ContractsProf Blog

Editor: Jeremy Telman
Oklahoma City University
School of Law

Monday, April 12, 2021

Advice to Students about Study Aids, Part II

On Friday, I shared my standard response when students ask me for advice regarding outside material they can consult in preparing for exams.  Today, I supplement that response with suggestions culled from the contracts prof listserv.

The most important suggestion was to point students to the Restatement, with its illustrations.  The fact patterns provided therein are great illustrations of the rules.  Up until now, I have always assigned an edited version of the R.2d, which does not include all of the comments and illustrations.  If I can find a suitably-priced volume, I will assign a more comprehensive edition next year.  Blog contributor Sid DeLong recommends James Byrne's book, which also includes Article 2 and the CISG, and I will certainly adopt that so long as students do not have to pay the official price for the volume, which is north of $500!

That said, some contracts profs warn that students must be introduced to the R.2d with caution.  We are training them in common-law reasoning, which involves synthesizing rules from case law.  The R.2d does that for them, and there is a danger that students will treat the R.2d as a statute without recognizing that it is an attempted synthesis and not a statement of uniform law.

The following study aids come recommended by contracts profs who know:

  • Scott Burnham's Contracts Law for Dummies (I was an outside reviewer for the book and was surprised that it was not for Dummies at all -- it was a study guide for law students and a very good one;
  • It follows that I am confident that Burnham's Q&A and Glannon Guide to Sales are also reliable;
  • Others have recommended Bob Brain's Exam Pro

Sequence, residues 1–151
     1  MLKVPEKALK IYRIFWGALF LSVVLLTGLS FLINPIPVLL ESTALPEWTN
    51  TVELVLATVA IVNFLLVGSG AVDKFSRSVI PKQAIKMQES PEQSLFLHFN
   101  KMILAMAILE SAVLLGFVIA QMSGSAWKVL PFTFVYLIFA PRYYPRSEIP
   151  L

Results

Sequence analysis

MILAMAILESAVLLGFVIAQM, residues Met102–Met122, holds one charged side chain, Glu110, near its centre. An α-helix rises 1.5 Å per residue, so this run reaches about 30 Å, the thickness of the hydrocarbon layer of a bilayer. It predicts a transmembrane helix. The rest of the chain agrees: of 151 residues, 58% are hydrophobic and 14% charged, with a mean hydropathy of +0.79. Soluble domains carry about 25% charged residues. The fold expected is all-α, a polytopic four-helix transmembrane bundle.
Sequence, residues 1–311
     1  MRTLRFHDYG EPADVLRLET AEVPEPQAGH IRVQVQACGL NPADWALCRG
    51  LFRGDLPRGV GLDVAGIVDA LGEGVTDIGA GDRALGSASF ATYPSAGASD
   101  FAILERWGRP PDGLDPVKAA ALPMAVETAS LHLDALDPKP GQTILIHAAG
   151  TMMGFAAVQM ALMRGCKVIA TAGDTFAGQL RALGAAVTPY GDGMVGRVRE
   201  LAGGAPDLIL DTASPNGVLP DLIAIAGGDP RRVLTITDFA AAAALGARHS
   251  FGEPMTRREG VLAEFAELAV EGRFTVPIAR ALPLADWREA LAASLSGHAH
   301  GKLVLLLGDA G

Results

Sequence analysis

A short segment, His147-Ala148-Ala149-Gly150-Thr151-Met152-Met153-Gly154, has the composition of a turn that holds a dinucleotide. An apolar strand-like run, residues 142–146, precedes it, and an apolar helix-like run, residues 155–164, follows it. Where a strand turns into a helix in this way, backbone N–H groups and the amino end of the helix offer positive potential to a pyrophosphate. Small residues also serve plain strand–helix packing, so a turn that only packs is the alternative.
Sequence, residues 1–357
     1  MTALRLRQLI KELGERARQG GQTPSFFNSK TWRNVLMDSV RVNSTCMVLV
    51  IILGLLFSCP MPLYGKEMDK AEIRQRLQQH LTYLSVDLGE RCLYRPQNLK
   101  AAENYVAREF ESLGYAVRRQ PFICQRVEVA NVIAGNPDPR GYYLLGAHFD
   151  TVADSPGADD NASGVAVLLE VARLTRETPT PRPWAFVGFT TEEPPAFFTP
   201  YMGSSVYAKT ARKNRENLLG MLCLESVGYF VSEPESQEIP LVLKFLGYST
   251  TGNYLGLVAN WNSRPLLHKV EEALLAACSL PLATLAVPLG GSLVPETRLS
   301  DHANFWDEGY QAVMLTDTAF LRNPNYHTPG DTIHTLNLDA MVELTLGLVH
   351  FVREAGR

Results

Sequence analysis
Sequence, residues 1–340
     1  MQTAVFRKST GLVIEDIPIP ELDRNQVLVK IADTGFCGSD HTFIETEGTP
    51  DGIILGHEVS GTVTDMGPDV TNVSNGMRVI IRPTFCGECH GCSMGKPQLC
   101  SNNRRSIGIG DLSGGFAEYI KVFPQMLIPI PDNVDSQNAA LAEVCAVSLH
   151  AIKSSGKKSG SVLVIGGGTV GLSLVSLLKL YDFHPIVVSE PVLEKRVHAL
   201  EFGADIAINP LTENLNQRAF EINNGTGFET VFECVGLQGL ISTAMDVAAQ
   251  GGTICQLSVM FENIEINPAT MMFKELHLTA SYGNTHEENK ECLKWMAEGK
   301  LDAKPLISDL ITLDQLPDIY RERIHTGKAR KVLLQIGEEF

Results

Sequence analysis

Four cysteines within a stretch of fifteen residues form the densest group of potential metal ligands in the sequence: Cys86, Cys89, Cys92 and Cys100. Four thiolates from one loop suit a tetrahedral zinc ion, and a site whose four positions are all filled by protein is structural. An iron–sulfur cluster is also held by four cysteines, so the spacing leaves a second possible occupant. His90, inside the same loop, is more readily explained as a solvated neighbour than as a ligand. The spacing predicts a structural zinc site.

• Like other profs, when I have a question, I reach for my single-volume Farnsworth treatise on contracts, but not every first-year student is ready for such strong medicine, and they would have to borrow it, as it is very expensive;
  • Others recommend Perillo or Hillman;
  • At least one prof recommended Chirelstein's hornbook, which brought back fond memories, as I read it as a 1L, attracted by the good ship Peerless on its cover.  Unfortunately, Professor Chirelstein passed in 2015, so the book might not be best for recent developments, especially in the realm of electronic contracting.

Friday's post generated some discussion on Twitter.  This much is clear: Quimbee is not reliable.  I understand that many students find it helpful in preparing for Socratic exchanges, but it has subtle mistakes that can be very harmful if committed to memory and regurgitated in an exam context.

Commentary, Contract Profs, Teaching | Permalink


I did not know that Chirelstein had passed away. I had him for Bus Orgs. He was a good professor. His nickname was "Marvelous Marv."

Posted by: john wladis | Apr 12, 2021 8:56:34 AM

We published a tribute here:

Posted by: Jeremy Telman | Apr 12, 2021 10:24:26 AM

Although this is shameless self-promotion, I have had great feedback for my supplement focused on Article 2 of the Uniform Commercial Code that includes practice questions (multiple choice and essay).

Posted by: Mark R Matthews | Apr 13, 2021 3:33:26 AM

I also use the Byrne supplement, which has been popular with my students. I also appreciate that it includes sections from the Restatement (Third) of Restitution. The price listed on the publisher's website is $67 (not sure why the Amazon price is so high).

Posted by: Karen H Cross | Apr 13, 2021 12:13:32 PM

Thanks, Karen! Good to know!

Posted by: Jeremy Telman | Apr 13, 2021 4:59:52 PM

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